The other set of logic gates 34 uses the outputs of all three shift registers 26, 28 and 30 to determine if a word boundary exists and supplies this information to the input of the third shift register 30. The signal supplied, II, is equivalent to the Boolean identity:
FIG. 3 shows the decoder circuitry according to the invention. It comprises a 12-stage shift register 40, typically comprising 12 serially connected D-type flip-flops, first and second sets of logic gates 42 and 44, three single flip-flops 48, 50 and 52 and a two-to-one multiplexer 46. Encoded data is clocked into the 12-stage shift register 40 in serial fashion at the 2F frequency. The outputs of each of the 12 stages, referred to as A,B,C . . . L, respectively, are decoded by the two sets of logic gates 42 and 44, connected as shown. The first set 42 decodes the odd numbered coded bits, and outputs a signal shown at III on FIG. 3, equivalent to the Boolean identity:
The second set of logic gates 44 decodes the even numbered coded bits, providing an output shown as IV and equivalent to the Boolean identity
The outputs of the sets of logic gates 42 and 44 are reclocked by flip flops 48 and 50 respectively at half the decoded data rate (2/3 F). The outputs of these two flip-flops 48 and 50 represent the odd and even numbered bits of each decoded bit pair. The two bits of each pair are then multiplexed by logic gates 46, and then are reclocked at the data rate in flip-flop 52. Again the several clock signals shown in FIG. 3 are generated by clock circuitry shown in FIG. 4.
FIG. 4, as mentioned, shows the circuitry generating the clocking signals required. The coded data frequency "2F CLOCK" and its inverse are supplied to the 6 D-type flip-flops 60 shown making up the clock generation circuitry. The 2F clock signal is derived from the phase-locked-loop circuit 16 (FIG. 1), thus ensuring that it is accurately synchronized with the data rate of the data encoded on the disk.
FIG. 5 is a timing diagram detailing the relationship between the several clock signals referred to in FIGS. 2 and 3 and which are output by the circuitry of FIG. 4. FIG. 5 also shows the relationship of the encoded data bit cells to the decoded data bit cells, which as shown are in a 3:2 relationship. It will be observed from FIG. 5 that the clock signals A, B, C, D, E and F are respectively each displaced from one another by one-haIf of the period of the 2F CLOCK signal, that is, by one-fourth the encoded data period, and are high for half the data period; thus, for example, D CLOCK goes high when B CLOCK goes low, and F CLOCK goes high when D CLOCK goes low.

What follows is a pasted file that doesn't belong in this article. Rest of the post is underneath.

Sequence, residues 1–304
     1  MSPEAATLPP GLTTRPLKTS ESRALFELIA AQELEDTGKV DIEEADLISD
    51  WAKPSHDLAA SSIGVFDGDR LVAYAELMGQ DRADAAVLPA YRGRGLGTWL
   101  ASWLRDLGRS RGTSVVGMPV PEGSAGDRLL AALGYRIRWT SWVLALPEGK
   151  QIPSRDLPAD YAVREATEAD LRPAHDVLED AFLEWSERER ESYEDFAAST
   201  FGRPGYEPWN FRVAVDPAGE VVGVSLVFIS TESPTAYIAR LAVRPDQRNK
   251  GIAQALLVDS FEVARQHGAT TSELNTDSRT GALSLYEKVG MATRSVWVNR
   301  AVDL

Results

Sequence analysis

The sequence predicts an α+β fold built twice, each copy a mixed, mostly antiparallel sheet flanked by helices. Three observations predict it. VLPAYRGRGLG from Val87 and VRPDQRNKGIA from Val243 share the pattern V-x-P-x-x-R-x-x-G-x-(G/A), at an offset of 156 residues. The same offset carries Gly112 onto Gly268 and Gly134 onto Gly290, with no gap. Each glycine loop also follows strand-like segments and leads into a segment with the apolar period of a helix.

Those skilled in the art will have no difficulty implementing the circuits described above and shown in the Figures hereof which provide (1,8) run-length-limited data encoding and decoding circuitry according to the invention. The best mode of practice of the invention is believed to be implementation of the entire circuit on a single integrated circuit chip; this has been achieved, for example, using a so-called Motorola Macrocell Array chip. The circuitry shown in FIGS. 2 and 3 can be combined with circuitry shown in applicant's co-pending application Ser. No. 444,158, incorporated herein by reference, which relates to comparable circuitry for encoding and decoding data according to the 2,7 run-length-limited coding rules. A chip incorporating both sets of circuitry is a particularly preferred embodiment of the circuit of the present invention, because such a custom chip provides substantial economy in manufacturing for use in disk drives of varying capability.
It will be appreciated while there have been described a preferred embodiment and a best mode of practice of the invention, other modifications and variations thereon are within the skill of the art, and accordingly, that the above specification should not be construed as a limitation on the scope of the present invention but only as exemplary thereof. The invention is limited only by the following claims.
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|U.S. Classification||360/40, G9B/20.041|
|International Classification||G06T9/00, G11B20/14|
|Cooperative Classification||G06T9/005, G11B20/1426|
|European Classification||G11B20/14A2B, G06T9/00S|
|Sep 16, 1988||FPAY||Fee payment|
Year of fee payment: 4
|Feb 12, 1993||FPAY||Fee payment|
Year of fee payment: 8
|Apr 1, 1997||REMI||Maintenance fee reminder mailed|
|Aug 24, 1997||LAPS||Lapse for failure to pay maintenance fees|
|Nov 4, 1997||FP||Expired due to failure to pay maintenance fee|
Effective date: 19970827